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Tandartspraktijk
Citaat uit interview uit masterthesis R. Kooijman
“Laatst bij een patiënt had ik een plaatje gemaakt met alle kiezen en we hadden samen met pijltjes erbij geschreven welke kanten hij opmoest met poetsen en welke volgorde hij moest houden om niet iets over te slaan, want dat ging mis. Ik had op mijn plaatje alle tanden en kiezen getekend, tot en met de 7ens. Maar dit was een patiënt met verstandskiezen. Toen hij kwam de volgende keer terug kwam was echt alles brandschoon! Dat vind ik dan weer het mooie van het autisme, als je iets uitlegt en het is duidelijk en het komt bij diegene binnen, dan doen ze dat ook echt vaak gewoon echt supergoed. Alleen de verstandskiezen waren dus gewoon nog helemaal nog schoon, onder de plaque en ik dacht ‘hoe kan dat dan, want de rest is gewoon goed en de handigheid zit erin?!’ Toen zijn we samen naar het plaatje gaan kijken van waar zit het hem nou in? En laten zien in de spiegel en toen zij hij van ‘Ja, maar die stonden er niet op!’ Dus toen hebben we gewoon eigenlijk 2 extra rondjes getekend in dat plaatje, wat de achterste kiezen moesten voorstellen en de volgende keer was het brandschoon!”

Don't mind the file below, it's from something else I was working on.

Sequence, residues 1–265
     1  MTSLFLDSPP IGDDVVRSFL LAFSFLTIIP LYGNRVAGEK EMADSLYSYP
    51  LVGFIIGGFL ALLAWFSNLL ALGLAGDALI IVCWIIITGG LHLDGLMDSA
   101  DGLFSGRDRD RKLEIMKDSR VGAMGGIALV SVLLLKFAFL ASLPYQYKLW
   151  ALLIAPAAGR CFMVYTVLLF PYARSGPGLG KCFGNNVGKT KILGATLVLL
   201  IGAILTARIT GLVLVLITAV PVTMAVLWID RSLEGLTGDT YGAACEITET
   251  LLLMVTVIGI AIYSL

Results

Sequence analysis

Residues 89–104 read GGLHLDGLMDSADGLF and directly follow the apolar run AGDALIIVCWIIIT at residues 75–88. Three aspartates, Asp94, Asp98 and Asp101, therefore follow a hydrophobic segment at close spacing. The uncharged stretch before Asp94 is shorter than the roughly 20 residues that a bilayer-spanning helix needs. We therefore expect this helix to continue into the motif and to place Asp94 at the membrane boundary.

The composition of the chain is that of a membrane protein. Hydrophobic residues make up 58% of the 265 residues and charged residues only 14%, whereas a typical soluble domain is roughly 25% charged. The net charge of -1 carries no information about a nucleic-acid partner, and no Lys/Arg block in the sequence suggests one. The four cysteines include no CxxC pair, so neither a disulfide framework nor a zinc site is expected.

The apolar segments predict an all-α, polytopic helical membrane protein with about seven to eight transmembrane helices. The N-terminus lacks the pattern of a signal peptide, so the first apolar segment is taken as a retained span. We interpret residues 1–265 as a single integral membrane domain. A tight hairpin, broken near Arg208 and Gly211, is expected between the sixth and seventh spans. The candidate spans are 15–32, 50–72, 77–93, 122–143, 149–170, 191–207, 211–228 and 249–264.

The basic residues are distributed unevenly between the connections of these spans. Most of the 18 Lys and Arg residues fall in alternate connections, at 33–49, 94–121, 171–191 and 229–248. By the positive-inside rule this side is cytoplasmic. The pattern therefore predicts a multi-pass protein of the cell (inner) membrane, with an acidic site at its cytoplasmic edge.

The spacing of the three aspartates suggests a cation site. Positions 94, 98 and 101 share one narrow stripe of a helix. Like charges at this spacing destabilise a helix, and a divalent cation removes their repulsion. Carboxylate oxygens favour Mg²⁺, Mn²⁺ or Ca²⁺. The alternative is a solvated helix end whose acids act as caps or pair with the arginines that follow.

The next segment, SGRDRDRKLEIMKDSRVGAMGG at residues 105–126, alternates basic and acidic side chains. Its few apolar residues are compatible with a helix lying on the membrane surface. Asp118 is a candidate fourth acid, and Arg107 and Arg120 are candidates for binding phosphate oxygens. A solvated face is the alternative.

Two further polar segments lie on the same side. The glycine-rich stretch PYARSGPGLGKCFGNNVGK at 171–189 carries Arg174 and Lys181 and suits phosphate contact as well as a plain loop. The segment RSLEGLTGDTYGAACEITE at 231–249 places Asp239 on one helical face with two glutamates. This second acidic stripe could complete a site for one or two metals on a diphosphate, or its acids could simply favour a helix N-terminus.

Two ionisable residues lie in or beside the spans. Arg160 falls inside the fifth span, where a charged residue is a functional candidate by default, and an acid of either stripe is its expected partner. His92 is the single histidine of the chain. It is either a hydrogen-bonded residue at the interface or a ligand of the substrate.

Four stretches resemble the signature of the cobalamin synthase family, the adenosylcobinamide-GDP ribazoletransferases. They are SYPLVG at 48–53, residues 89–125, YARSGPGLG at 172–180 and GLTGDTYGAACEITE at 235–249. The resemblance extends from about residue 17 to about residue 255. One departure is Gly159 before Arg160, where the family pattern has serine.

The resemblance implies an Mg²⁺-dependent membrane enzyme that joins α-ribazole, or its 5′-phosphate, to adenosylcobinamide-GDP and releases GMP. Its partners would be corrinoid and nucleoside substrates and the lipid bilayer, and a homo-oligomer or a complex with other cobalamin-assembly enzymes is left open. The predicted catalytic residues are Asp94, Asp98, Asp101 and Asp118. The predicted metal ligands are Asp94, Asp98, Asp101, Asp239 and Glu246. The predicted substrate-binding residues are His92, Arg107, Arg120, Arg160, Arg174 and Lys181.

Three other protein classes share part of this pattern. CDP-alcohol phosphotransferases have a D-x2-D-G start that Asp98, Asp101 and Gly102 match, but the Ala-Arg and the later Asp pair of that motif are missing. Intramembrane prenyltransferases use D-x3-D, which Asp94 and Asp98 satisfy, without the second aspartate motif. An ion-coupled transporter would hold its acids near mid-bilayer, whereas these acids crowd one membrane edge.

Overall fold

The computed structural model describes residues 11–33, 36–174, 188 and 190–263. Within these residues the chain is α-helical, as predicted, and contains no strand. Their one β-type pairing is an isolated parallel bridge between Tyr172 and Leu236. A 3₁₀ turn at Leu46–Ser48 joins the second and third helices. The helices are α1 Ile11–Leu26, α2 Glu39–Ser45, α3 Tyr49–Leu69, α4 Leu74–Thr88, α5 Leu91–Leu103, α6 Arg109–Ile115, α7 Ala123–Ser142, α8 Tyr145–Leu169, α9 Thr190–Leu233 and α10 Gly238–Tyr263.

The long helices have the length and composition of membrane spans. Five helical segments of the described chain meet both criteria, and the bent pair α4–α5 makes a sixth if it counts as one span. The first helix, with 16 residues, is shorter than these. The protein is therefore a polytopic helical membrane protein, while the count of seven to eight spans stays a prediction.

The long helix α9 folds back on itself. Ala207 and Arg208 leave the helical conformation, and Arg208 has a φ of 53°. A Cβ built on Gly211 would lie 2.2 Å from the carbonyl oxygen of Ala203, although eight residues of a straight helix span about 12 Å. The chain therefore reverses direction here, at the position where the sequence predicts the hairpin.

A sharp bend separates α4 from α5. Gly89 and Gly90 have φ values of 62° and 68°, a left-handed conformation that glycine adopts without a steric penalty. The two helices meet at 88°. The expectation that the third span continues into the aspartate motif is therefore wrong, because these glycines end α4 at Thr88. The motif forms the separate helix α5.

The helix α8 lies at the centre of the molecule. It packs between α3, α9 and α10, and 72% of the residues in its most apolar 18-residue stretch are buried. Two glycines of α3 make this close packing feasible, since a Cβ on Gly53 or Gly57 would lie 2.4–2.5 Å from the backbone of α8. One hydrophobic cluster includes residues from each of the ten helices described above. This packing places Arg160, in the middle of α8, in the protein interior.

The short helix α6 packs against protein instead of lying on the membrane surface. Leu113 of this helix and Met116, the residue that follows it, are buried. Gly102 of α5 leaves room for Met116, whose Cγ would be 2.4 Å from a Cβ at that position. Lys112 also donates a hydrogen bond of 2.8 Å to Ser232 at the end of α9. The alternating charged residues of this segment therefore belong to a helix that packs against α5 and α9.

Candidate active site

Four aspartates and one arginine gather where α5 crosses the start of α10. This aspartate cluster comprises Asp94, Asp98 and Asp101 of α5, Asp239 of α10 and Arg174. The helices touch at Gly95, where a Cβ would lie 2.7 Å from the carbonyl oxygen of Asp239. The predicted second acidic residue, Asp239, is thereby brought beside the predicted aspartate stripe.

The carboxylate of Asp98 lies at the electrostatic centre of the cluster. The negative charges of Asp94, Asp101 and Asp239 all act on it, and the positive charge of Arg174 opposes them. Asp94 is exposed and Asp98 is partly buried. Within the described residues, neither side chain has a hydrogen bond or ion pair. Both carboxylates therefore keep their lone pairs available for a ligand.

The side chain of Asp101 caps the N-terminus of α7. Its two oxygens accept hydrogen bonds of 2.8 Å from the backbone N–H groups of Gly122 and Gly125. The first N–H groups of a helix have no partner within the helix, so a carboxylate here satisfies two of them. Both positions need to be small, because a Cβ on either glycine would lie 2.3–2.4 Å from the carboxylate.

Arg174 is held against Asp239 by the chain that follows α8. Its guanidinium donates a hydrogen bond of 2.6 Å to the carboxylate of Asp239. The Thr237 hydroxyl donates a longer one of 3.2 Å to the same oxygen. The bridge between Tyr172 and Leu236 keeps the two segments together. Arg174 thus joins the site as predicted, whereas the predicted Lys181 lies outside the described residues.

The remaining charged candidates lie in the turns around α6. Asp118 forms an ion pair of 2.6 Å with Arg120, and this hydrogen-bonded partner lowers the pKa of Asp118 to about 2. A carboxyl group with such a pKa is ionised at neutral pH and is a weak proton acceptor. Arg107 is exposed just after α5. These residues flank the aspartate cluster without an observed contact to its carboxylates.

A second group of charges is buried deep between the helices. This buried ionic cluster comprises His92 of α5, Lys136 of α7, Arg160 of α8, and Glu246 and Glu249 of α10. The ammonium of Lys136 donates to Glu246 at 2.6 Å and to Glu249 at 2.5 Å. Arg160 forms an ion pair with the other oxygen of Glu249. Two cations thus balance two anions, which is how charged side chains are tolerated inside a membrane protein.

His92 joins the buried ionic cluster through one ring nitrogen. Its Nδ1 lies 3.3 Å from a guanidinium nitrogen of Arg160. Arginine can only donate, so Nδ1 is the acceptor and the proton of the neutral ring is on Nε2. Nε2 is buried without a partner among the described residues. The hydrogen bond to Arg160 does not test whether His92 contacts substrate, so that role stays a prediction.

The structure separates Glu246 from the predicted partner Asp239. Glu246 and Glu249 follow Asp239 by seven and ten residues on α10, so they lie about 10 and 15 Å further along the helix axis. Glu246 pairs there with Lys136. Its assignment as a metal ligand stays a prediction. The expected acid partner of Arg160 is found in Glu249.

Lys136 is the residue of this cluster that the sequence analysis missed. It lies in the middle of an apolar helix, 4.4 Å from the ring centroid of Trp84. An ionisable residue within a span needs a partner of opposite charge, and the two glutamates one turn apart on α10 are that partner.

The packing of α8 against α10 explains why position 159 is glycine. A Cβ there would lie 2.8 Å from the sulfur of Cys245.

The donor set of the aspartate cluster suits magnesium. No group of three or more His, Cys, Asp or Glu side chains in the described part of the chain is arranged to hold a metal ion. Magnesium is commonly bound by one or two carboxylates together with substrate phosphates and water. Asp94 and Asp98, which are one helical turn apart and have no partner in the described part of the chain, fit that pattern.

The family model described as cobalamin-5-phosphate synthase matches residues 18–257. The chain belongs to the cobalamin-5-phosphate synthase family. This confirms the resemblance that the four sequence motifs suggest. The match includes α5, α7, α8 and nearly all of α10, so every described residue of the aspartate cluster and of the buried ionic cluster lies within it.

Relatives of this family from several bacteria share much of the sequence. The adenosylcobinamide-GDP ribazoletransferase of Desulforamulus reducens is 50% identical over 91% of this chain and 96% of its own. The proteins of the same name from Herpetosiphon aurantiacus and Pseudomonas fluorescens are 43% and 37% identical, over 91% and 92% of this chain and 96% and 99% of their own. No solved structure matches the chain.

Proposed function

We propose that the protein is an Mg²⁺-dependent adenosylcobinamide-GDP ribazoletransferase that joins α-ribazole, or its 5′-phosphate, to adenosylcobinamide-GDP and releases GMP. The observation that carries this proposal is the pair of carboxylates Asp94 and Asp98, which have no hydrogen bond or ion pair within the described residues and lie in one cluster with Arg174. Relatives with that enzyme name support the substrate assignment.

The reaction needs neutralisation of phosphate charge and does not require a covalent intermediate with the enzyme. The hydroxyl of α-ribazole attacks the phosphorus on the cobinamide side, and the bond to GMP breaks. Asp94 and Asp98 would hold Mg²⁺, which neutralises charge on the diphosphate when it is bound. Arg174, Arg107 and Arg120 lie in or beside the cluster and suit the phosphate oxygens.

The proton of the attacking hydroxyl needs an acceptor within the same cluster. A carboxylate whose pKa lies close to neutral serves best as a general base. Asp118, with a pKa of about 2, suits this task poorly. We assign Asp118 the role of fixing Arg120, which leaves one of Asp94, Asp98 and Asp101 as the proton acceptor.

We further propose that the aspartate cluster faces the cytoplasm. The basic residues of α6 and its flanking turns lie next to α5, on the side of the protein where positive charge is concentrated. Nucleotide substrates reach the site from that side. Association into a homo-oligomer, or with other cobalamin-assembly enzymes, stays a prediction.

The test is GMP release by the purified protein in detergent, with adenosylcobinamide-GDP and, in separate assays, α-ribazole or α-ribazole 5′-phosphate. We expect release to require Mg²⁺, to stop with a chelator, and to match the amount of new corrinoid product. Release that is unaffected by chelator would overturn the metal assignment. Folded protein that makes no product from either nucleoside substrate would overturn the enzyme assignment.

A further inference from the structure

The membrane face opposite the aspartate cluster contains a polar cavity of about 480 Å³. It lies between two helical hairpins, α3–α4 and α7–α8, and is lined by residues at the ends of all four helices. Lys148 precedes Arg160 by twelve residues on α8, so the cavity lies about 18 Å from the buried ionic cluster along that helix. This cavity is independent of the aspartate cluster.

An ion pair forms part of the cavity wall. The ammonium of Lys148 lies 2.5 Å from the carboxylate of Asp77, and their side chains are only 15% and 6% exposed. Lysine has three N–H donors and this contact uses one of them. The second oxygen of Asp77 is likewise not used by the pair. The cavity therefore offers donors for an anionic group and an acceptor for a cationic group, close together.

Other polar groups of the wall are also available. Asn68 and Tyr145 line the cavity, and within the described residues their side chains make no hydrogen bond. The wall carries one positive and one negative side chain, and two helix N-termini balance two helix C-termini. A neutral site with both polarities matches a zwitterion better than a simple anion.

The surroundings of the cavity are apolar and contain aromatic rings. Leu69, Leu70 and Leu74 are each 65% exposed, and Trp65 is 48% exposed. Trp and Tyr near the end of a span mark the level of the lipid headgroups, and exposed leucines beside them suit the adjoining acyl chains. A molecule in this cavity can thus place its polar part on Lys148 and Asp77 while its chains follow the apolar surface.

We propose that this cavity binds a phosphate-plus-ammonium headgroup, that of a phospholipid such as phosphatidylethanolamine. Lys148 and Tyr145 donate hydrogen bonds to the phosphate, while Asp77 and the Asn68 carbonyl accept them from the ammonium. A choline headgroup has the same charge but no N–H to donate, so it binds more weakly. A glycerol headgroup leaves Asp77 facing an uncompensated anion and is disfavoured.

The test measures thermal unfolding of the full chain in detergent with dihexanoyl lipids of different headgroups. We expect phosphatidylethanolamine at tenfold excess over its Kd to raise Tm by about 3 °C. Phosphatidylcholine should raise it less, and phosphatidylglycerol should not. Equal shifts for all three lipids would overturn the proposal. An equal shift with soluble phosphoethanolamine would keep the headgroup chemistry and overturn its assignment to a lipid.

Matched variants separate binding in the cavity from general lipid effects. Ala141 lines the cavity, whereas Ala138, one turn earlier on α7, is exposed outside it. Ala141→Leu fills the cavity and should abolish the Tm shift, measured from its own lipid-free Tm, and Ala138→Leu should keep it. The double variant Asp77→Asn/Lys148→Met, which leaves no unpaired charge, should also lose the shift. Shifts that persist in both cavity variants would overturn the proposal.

Handen en voeten geven
Studente MSc Health Sciences, International Public Health, Roos Kooijman heeft onlangs haar onderzoek naar barrières in de preventieve mondzorg bij kinderen met autisme afgerond. Het geeft individuele mondzorgverleners en wetenschappelijke verenigingen handen en voeten.

Titel van het onderzoek luidt:
Barriers in oral hygiene in children with an autism spectrum disorder of various ethnic/cultural backgrounds in the Netherlands. A qualitative study among special dental care providers. Hieronder een abstract:

Introduction
Special dental care providers have indicated that oral care in children with an autism spectrum disorder (ASD) can be challenging especially when their oral hygiene is involved. To date, limited research is conducted on the barriers in oral hygiene of children with ASD. Research shows that culture can play a role in the oral hygiene of children. However, research that includes various cultural backgrounds is unavailable. This study aimed to explore the perceived barriers of special dental care providers in oral hygiene of all children with ASD.